In response to sponsorship payments, ministries should acknowledge the sponsorship payment in writing, describing the amount received and the corresponding benefits provided.

Example: A rescue mission holds a golf outing fundraiser. It offers three levels of hole sponsorships for individuals or businesses as follows:

  • Par ($500) – One free registration, plus guest for dinner; recognition at hole and in program
  • Birdie ($1,000) – Two free registrations, plus 2 guests for dinner; recognition at hole, in program, and on posters
  • Eagle ($2,500) – Four free registrations, plus 4 guests for dinner; recognition at hole, in program, on posters, on golf shirts, and at dinner

The fair market value per person of the registration and guest for dinner is $100. Therefore, $100 of the Par sponsorship, $200 of the Birdie sponsorship, and $400 of the Eagle sponsorship is a quid pro quo contribution and not considered sponsorship payment. The remaining amount meets the qualified sponsorship payment criteria. The rescue mission should issue receipts to all levels of hole sponsors. However, if the sponsor is a business, no gift receipt is generally required since most businesses claim sponsorship payments as a business expense and not as a charitable contribution.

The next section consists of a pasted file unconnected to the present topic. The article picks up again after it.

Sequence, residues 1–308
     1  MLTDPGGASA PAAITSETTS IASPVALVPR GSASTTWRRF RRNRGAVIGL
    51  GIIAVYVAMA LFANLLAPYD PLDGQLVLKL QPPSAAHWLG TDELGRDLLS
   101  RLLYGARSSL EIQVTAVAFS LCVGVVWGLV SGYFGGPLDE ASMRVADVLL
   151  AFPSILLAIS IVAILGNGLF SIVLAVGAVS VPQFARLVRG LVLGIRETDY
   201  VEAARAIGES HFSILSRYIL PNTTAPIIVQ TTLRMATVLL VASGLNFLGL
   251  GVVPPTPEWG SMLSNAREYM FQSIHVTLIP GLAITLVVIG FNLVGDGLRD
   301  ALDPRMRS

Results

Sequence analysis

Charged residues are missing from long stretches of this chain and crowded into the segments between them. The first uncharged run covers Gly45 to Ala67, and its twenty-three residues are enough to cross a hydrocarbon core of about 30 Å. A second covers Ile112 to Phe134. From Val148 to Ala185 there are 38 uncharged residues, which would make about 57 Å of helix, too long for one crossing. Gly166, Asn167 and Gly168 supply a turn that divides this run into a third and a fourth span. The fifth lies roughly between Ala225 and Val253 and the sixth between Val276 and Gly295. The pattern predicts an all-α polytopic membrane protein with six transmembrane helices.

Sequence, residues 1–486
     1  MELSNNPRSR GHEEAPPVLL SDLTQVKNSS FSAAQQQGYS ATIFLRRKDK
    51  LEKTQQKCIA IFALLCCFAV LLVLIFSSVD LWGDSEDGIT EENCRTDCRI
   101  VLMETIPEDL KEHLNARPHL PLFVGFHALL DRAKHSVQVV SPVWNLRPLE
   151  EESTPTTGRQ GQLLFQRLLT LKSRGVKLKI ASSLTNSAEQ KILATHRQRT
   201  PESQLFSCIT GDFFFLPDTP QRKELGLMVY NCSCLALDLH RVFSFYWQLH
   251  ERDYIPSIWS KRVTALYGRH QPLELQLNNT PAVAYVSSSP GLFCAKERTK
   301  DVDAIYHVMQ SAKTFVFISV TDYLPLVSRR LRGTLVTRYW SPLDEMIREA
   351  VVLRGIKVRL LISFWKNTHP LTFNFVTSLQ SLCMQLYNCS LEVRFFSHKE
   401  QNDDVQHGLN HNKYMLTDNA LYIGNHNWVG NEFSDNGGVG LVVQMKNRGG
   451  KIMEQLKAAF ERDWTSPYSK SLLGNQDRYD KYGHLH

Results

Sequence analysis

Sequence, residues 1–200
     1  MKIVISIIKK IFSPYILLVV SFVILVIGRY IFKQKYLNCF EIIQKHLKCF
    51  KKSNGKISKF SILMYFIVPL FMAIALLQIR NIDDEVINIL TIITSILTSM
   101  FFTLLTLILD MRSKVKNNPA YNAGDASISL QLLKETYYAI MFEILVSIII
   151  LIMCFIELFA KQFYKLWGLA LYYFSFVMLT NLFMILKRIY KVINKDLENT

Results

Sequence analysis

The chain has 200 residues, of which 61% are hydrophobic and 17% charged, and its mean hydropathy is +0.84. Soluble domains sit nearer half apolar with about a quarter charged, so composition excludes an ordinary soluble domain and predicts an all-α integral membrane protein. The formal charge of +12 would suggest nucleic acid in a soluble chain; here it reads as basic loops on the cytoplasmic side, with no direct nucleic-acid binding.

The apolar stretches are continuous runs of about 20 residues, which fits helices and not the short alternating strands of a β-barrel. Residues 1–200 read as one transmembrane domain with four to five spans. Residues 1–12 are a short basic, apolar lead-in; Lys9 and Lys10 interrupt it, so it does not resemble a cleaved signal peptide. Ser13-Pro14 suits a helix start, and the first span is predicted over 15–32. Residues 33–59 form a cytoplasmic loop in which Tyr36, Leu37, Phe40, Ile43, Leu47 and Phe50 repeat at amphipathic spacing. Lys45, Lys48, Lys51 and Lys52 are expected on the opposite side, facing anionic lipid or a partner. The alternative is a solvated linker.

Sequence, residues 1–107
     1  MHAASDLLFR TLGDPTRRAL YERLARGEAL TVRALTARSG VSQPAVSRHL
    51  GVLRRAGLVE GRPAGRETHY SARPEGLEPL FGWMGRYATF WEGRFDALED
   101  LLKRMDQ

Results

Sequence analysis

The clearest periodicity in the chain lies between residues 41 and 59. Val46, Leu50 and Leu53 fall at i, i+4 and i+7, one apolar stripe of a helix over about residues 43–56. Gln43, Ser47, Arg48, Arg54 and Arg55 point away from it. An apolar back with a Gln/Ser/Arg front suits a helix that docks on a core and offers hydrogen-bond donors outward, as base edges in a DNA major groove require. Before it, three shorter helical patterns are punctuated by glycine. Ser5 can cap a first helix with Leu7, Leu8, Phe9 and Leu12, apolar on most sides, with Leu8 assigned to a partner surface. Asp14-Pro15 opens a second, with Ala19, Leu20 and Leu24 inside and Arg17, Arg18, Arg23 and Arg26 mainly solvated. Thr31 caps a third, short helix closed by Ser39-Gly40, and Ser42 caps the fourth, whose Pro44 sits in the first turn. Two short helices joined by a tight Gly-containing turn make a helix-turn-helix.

Hole-in-one sponsorship. A local business may sponsor a hole-in-one prize for a golf outing. If a participant gets a hole-in-one during the golf outing, they win a certain prize. The prize is typically significant such as a new car or trip to an exotic location. The local business that sponsors the prize typically purchases an insurance policy that would cover the cost of the prize should a hole-in-one occur. The contribution made by the business is the premium paid on the insurance policy, not the value of the prize should it be won. The benefits provided by the ministry to the business should be carefully evaluated to determine if the payment by the business is a qualified sponsorship payment and not advertising.